Mathew looks at Emily blankly for a second before he replies, "I ... I saw a very little girl ... for just a split second. I ... I mean I was asking who she was."
Emily giggles, "So, I'm not the only one loosing my mind today it would appear."
The 2 of them look at each other, then burst into laughter.
Emily says, "I want to look the rest of the house over. If you want to play with these toys ... go ahead."
Emily ducks out of the small doorway. Mathew can hear her foot falls as they diminish with distance.
"Yeah, um, maybe later," he said to her now-distant footsteps. "So ... why is this room undisturbed, when the rest of the house is empty?" he asked himself.
He looked around the room again. Other than his footprints and Emily's, there weren't any disturbances in the dust on the floor. "This room's kind of hidden -- this girl had a secret playroom. That must have been fun for her." He thought. "But if the family had moved, surely they would have moved everything out of here too."
Then he had a thought. "Unless the people who moved everything weren't the people who had lived here, and they didn't know about this room! They might have sent movers, and the movers didn't find the room." Then he shook his head. "That doesn't make sense. They would have sent the movers back when they found everything from this room was missing."
He looked out the window onto the house's generous grounds. "I'm not sure I'd want to mow all that lawn," he said.
Then, up in the sky, the moon caught his eye. "The children's moon," he said. "The moon's in the sky during the daylight -- for little kids who go to bed early, that can be the only time they see the moon, especially when it's summer -- like now."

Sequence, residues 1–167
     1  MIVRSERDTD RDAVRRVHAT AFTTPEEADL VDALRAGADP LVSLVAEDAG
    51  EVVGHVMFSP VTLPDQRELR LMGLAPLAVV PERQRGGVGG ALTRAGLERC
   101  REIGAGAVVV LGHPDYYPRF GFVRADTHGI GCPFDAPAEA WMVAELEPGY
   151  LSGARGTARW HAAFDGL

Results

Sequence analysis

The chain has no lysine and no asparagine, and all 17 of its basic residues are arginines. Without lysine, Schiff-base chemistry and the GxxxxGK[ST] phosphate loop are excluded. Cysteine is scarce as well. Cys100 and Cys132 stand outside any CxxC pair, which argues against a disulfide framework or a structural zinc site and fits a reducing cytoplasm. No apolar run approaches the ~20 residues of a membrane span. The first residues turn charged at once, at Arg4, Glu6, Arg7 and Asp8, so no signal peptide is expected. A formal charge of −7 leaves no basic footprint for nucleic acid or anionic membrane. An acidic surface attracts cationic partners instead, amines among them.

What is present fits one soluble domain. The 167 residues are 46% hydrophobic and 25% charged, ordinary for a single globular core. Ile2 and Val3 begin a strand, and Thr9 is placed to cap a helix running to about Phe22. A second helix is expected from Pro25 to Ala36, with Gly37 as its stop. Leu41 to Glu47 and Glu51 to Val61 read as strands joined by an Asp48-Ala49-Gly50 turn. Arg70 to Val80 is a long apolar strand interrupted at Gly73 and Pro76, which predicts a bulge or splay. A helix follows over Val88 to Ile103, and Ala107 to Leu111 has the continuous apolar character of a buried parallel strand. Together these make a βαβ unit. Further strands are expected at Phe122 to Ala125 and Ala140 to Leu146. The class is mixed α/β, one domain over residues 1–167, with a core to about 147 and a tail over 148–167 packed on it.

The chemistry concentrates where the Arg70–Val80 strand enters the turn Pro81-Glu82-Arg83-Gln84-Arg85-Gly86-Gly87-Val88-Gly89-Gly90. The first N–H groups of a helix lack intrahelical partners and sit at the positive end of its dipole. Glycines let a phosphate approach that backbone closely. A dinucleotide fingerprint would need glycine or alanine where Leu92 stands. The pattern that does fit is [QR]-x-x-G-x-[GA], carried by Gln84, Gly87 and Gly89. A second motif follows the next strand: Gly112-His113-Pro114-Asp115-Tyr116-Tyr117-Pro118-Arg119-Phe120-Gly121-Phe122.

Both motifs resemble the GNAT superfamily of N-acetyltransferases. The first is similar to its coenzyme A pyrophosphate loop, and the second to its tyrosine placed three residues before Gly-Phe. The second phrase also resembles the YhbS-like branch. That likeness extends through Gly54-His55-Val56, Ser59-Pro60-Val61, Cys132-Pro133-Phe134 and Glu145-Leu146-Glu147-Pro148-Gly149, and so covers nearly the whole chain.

Then he thought he heard laughter behind him, echoing through the passageway. "Emily?" he said, turning around. But nobody was there.
Emily left the small passageway into the bedroom, then into the upstairs hall. She walked down the hall to her left away from the staircase. She wanders into a large door at the end of the hall next to a large bay type window. When she opens the door, the room is enormous. She wanders in and looks around. In her mind's eye, she imagines how this room looked completely furnished.
She walks to the bedroom window ... the yard was overgrown, but beautiful. Over and through the overgrowth, Emily could make out the sparkle of a pond off in the distance.
She thinks to herself, "This is perfect ... bet it costs a fortune."
Emily thinks she hears Mathew's voice, she turns and enters the hall once again.